Chapter Chiral Separations in Nonaqueous Media
In CE, nonaqueous separation can be used as a complement to aqueous separation since it facilitates the use of chiral selectors with a low solubility in water [4,6,14]. Furthermore, it may improve the enantioseparation for selectors with a lack of or low enantioselectivity in aqueous buffers . Another advantage of NACE is that the use of organic solvents enables poorly water-soluble substances to be analyzed . The enhanced solubility of nonpolar substances is advantageous when injection of high concentrations is necessary to lower the limit of detection (LOD), e.g., for chiral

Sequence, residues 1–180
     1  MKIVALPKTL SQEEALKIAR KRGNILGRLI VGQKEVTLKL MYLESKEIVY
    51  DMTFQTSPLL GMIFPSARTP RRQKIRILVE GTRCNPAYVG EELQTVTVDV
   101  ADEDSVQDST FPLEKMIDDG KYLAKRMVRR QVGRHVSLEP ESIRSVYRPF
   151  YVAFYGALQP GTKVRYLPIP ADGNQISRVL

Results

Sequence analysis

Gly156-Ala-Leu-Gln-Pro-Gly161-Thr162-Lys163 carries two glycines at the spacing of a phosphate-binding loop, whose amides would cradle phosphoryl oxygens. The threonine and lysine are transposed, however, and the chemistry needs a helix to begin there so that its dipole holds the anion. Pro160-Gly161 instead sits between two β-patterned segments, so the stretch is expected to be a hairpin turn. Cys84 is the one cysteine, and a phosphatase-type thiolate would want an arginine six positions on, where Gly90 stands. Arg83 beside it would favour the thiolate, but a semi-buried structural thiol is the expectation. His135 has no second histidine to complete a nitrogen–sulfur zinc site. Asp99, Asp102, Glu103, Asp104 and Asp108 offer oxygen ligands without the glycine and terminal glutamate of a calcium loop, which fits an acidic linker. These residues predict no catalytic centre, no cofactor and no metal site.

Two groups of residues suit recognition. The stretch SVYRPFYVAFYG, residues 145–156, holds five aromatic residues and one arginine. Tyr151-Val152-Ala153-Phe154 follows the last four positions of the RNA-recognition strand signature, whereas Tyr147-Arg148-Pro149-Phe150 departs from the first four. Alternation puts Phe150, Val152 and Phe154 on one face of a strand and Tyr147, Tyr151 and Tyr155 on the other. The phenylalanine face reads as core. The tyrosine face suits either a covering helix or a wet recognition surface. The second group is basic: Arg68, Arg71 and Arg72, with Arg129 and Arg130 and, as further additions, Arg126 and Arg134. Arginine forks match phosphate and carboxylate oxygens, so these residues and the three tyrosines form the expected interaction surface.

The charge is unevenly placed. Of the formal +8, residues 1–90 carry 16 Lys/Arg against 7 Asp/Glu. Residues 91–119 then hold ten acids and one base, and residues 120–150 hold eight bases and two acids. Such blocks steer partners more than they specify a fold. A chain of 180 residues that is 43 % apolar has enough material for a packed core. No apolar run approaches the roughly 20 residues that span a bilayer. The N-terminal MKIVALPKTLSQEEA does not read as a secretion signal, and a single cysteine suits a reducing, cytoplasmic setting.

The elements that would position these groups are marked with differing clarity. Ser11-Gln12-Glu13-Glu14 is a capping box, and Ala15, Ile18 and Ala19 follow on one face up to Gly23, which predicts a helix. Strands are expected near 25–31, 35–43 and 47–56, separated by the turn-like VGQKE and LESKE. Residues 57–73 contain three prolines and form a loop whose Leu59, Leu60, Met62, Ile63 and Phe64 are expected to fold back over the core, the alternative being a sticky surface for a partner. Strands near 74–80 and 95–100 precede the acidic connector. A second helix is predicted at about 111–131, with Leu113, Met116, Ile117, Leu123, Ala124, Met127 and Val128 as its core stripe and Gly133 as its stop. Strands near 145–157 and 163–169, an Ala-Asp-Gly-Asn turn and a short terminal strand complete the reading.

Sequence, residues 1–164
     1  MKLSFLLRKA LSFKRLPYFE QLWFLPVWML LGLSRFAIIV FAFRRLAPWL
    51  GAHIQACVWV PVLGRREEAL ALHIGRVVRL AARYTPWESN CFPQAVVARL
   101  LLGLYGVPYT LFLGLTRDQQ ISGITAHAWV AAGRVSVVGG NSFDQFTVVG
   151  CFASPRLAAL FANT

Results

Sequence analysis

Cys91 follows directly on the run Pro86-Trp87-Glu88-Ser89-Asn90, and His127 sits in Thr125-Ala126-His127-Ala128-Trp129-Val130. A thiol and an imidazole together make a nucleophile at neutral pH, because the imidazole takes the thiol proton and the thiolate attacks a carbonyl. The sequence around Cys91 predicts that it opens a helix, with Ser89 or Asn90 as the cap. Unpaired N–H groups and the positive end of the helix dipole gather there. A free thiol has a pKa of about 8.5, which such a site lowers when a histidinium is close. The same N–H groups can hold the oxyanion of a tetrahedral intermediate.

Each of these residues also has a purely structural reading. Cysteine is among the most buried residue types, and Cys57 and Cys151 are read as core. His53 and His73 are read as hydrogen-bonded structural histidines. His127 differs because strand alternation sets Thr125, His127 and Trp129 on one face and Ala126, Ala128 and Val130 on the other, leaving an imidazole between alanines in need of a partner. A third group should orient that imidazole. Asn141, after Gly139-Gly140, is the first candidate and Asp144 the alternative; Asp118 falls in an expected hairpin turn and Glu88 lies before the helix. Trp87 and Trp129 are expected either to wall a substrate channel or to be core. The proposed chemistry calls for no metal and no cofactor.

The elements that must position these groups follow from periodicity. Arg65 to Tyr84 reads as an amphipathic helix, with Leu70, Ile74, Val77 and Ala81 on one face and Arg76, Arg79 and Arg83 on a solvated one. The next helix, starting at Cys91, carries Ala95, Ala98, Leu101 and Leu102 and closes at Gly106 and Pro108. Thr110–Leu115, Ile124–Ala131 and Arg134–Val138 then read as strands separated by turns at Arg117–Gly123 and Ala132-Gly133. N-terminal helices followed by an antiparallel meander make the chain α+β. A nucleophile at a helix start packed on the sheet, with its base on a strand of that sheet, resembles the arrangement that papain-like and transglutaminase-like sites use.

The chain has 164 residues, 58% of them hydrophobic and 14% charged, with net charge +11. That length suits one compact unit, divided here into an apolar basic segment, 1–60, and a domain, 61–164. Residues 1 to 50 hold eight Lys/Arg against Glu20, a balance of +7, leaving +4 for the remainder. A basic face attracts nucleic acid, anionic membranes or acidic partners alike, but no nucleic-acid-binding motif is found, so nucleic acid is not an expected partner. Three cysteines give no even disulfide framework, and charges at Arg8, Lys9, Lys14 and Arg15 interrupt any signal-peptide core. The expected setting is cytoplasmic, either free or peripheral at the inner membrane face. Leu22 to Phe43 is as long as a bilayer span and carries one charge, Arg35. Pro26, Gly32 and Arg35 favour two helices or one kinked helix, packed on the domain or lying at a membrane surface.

impurity analysis [17-20]. Another way of improving the detection sensitivity in CE is the use of hyphenation with mass spectrometry (MS) [21,22]. Since the nonaqueous solvents are generally more volatile than water, they are preferable in these systems, because a higher volatility would facilitate ionization in the MS interface. An additional advantage of NACE is that some of the organic solvents used in the background electrolyte (BGE), e.g., formamide (FA), might also reduce the adsorption of the analytes to the capillary wall below the level found for aqueous BGEs [23,24].